All the way back in the early days of the blog, I wrote about Taeko Ohnuki's（大貫妙子）5th album from May 1981, "Aventure". Since then, I've given some of the other tracks from the album their own articles, so I figure it was time to wrap things up and cover the remaining songs on this disc. For the record, the individual songs are the Latin-themed songs of "la mer, le ciel" and "Samba de Mar", "Bleeker Street no Seishun"（ブリーカーストリートの青春）, and the poppy tune that starts things off "Koibito Tachi no Ashita"（恋人たちの明日）. Another reason for revisiting "Aventure" is that I listened to it again for the first time in several months, and I guess it was a case of absence making the heart grow fonder since I truly enjoyed each track as if I were listening to them for the first time.
The one thing I realized that I had left out were those tracks that have been imbued with the European sound that critics were talking about when it came to this new Ohnuki entering the 1980s. And it is that European sound that finally hooked me into her albums. Case in point: Track 3, "Ai no Yukue"（愛の行方...The Fate of Love）. In collaboration with Ryuichi Sakamoto（坂本龍一）, Ohnuki sounds absolutely lovely as her voice is matched with his glacial synthesizers to create this old but new techno waltz. And then in the second verse, this pop percussion comes in all of a sudden to add another interesting layer this song about lost love. The above video has a concert performance of the song.
"Terminé"(16:42) is another great chance for the strings to shine but with a more contemporary beat. And the ballad is a bit more romantic and wistful. Images of ballet dancers floating across in front of the Louvre come to mind.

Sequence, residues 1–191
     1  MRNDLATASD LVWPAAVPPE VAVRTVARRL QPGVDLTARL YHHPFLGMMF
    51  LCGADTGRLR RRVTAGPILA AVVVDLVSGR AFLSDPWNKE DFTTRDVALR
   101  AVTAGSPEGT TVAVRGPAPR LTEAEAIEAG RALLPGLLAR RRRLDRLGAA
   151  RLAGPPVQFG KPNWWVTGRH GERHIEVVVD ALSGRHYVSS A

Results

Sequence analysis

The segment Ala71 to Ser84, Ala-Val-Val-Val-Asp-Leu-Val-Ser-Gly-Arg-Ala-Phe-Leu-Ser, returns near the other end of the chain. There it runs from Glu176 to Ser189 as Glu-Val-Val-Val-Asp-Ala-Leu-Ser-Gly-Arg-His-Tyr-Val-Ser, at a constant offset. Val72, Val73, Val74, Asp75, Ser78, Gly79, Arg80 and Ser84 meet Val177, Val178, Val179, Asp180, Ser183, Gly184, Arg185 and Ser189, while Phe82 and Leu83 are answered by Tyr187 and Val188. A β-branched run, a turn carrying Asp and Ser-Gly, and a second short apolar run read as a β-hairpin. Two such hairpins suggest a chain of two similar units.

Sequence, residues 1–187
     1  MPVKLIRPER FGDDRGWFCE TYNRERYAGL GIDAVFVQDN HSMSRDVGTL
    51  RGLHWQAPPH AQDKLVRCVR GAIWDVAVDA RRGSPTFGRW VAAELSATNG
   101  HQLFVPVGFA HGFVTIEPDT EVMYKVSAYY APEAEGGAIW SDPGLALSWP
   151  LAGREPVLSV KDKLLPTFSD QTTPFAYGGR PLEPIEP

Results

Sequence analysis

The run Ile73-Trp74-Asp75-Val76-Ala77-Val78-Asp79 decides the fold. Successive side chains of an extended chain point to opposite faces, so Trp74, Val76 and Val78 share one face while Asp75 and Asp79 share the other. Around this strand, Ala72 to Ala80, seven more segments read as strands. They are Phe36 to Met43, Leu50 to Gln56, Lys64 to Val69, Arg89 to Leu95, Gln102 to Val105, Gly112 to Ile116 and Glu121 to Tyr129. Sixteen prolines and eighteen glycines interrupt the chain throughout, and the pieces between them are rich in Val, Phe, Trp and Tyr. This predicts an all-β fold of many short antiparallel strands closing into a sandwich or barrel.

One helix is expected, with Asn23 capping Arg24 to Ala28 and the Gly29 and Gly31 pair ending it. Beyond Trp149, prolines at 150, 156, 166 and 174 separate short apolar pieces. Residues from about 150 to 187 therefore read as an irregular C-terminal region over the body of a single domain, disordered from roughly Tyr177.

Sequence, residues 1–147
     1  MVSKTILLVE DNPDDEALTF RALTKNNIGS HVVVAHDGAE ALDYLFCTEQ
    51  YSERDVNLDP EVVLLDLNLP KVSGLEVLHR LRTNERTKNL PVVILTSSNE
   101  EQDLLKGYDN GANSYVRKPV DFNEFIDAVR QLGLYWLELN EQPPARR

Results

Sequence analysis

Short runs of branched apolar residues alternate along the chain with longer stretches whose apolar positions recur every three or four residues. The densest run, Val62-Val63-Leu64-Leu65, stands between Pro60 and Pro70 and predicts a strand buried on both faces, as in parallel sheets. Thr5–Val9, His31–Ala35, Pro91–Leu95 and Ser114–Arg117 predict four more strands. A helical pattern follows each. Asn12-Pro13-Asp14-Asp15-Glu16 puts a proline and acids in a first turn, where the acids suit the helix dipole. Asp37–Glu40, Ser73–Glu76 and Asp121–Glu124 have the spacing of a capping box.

And the final song for the article and the final song for the album itself is "Saigo no Hizuke"（最後の日付...Final Date）at 35:37. As the melody will hint right from the intro, it's a somewhat bittersweet song about moving on from a former relationship despite the difficulty. The last date refers to the final entry of that relationship as written in the diary. I'm sounding like a broken record, I know, but again I love those strings especially when they soar up in volume with the deeper sounds of the cello and bass coming through. And in the back, there is always that layer of technology by Sakamoto, but it is definitely not a YMO product. It's a nice finish for a great album.
Come to think of it, "Aventure" is a most appropriate title for this Ohnuki album since although it was released in Japan, the songs don't have that feeling of City Pop or New Music in its country of origin per se. Instead, you're already transported to some place in Europe or South America.